Tapping Your Trees
If you have several maple trees at your disposal, it will help to survey the trees to make sure they're the best fit for your syrup plans. Ideally, you want to only tap trees that are at least 10 inches in diameter at about 54 inches high from the ground. This will allow for gravity to help you collect the sap, while also helping you extract the most sap possible.
If a tree is up to 20 inches in diameter, it should only have one tap in its side. Trees between 20 inches and 25 inches can have two spouts, while anything over 25 inches in diameter can have three spouts.
In order to tap your tree, you will need to drill into the side of the maple tree about 2 inches deep, depending on how small your taps or spouts might be. Try to find a section of bark that is not damaged in any way and if there are previous tap holes in the tree, try to stay as far away from those as you can.
The newer the drill bit the better so as to avoid wood backing up into the sap hole and slowing down the flow of sap to your bucket.
Once the hole is drilled into the tree, install the tap by pushing it into the hole. The tap should feel secure in the hole.
It can be helpful to tap your trees on slightly warmer days so as to prevent any possible wood warping or splitting near the tap place.
Collecting the Sap
To collect the sap from the tree, simply hang a bucket on the tap and watch the first few drips fall into the bucket. This should happen quickly, though they will be little drips and won't amount to much at first. Place the lid over the bucket and let the sap continue to drip.
The best time of year to collect maple sap is in the early part of the year - between January and the early weeks of March. This is when the sap is moving more readily through the tree, allowing you to collect the highest volume of sap.
After a day or two, you can check to see just how far your sap collection has come. If you're satisfied with the progress, you can drain this bucket into a larger vat or collection bucket to take inside to start making syrup. You do not want to store your sap, however, as it can spoil.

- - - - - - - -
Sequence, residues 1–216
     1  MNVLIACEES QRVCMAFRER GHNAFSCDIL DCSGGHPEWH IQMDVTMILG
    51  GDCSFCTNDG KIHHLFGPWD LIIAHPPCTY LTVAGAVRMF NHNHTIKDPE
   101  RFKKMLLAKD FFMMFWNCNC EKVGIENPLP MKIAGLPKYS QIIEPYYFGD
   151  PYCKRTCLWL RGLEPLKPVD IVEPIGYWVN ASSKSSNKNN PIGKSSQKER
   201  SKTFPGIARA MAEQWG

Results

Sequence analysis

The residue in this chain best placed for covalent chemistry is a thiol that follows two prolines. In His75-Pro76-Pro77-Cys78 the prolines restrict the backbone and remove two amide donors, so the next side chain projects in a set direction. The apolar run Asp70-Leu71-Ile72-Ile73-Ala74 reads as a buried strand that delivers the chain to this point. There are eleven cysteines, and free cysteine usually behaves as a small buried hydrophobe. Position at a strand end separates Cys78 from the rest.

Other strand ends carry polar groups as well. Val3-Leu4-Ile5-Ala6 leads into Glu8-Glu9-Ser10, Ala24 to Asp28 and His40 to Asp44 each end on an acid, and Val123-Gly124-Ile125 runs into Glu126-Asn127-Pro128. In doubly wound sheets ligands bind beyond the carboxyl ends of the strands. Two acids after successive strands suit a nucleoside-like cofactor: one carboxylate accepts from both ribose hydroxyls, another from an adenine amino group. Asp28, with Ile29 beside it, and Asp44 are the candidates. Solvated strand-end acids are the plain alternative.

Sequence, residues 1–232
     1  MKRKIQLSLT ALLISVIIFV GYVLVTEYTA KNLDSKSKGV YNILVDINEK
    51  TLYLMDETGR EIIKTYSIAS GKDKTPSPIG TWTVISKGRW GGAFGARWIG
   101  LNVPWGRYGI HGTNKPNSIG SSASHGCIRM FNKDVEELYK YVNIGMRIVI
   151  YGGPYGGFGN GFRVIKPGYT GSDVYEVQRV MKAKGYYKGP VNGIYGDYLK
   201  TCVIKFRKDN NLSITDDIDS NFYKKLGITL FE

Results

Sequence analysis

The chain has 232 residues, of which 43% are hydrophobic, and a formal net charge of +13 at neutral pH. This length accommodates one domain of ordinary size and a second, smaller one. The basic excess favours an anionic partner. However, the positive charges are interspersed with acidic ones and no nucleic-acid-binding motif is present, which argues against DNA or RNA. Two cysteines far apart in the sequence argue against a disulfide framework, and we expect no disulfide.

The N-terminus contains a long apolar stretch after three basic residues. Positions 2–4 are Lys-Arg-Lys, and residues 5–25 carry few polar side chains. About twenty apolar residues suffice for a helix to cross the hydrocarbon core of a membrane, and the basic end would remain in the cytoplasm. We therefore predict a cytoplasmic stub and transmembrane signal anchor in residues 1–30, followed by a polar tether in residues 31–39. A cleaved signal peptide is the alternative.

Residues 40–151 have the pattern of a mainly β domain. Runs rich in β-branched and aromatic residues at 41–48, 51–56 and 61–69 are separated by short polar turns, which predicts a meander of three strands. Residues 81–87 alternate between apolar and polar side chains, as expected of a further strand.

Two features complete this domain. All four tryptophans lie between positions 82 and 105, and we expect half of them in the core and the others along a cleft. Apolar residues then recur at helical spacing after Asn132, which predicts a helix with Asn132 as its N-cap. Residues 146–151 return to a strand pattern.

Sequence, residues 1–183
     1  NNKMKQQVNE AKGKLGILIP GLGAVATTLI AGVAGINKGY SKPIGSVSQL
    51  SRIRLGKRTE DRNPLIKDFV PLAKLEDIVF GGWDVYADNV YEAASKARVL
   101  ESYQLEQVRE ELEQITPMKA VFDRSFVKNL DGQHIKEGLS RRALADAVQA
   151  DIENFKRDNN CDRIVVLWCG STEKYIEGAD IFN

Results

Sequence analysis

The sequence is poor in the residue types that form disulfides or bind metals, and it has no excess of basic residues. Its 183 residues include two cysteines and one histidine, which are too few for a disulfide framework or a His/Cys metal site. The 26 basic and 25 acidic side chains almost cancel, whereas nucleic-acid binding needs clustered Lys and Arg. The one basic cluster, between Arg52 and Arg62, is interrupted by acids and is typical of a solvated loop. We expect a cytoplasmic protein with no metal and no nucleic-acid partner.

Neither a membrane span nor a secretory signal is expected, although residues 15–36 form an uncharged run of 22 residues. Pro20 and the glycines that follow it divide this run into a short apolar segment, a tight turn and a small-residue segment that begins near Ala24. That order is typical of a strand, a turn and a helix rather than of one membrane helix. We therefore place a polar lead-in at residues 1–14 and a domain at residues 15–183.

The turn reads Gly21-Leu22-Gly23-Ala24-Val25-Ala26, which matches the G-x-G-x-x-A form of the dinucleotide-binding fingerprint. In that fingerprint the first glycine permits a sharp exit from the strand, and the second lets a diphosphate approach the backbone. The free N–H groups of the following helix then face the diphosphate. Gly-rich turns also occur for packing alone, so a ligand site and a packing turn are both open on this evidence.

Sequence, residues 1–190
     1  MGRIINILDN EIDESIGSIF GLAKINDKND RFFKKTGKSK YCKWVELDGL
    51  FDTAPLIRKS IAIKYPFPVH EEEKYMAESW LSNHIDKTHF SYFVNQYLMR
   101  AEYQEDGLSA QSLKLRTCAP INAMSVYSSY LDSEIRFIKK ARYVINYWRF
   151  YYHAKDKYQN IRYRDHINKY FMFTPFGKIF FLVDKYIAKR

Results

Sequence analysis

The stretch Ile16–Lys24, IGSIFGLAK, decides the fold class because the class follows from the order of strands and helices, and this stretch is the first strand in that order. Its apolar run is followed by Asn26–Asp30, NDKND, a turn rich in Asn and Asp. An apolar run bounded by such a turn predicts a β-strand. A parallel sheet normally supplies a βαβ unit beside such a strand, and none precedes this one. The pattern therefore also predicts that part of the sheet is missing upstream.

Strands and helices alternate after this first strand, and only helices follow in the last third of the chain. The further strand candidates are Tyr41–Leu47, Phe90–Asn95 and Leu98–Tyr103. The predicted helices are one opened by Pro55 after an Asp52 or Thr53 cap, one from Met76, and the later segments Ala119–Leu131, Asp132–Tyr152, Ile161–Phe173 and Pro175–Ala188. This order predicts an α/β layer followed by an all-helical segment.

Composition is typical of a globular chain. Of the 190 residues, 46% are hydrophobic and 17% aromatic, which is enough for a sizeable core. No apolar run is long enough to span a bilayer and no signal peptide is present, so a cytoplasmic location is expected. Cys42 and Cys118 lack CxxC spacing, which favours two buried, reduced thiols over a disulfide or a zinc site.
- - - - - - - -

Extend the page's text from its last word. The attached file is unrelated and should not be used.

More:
Replace the collection bucket and if you have enough sap, it's time to begin the syrup making process.
You want to boil the sap until it becomes thicker and thicker as the water boils off. You want to continue to add sap to the pan, never letting the level get below 1 ½ inches from the bottom of the pan. You can add cold sap to hot sap or you can cook two pans of sap at the same time and add one to the other to prevent the bottom from burning.
As the sap is boiling, you will want to skim off any foam that might be on the top, removing it and any other particulates that might be on the surface.
Using a candy thermometer, you will want to boil the sap until it is 7 degrees above your area's boiling temperature. Usually, the boiling temperature is 212 degrees Fahrenheit, but different altitudes can have different temperatures.
Once you've reached this level, you can choose to filter your maple syrup to remove any other waste that might have gotten into the sap or into the buckets as you collected the sap.
Or you can let the syrup completely cool as the sugar sand and other matter will settle to the bottle, allowing you to pour off the 'good' syrup into a fresh container.
Pour the remaining syrup into the glass bottle. Let the bottle cool and you're ready to serve fresh made maple syrup.
If you're planning on canning your syrup, make sure to can the syrup at 180 degrees Fahrenheit to prevent spoilage and contamination by bacteria.
American Maple Musuem
The American Maple Museum was founded in 1977 to preserve the history and evolution of the North American maple syrup industry.
Northwest Pennsylvania Maple Association
Dedicated to helping its members meet a commitment to produce the best quality syrup.
Maine Maple Producers Association
At MMPA we are committed to providing our members with a variety of different ways to help produce and market Pure Maine Maple Syrup.
Vermont Maple Open House
The Open House Weekend is a celebration of the maple syrup season and an opportunity for the public to visit one or more “sugarhouses” throughout the state to learn about Vermont’s first agricultural crop of the year.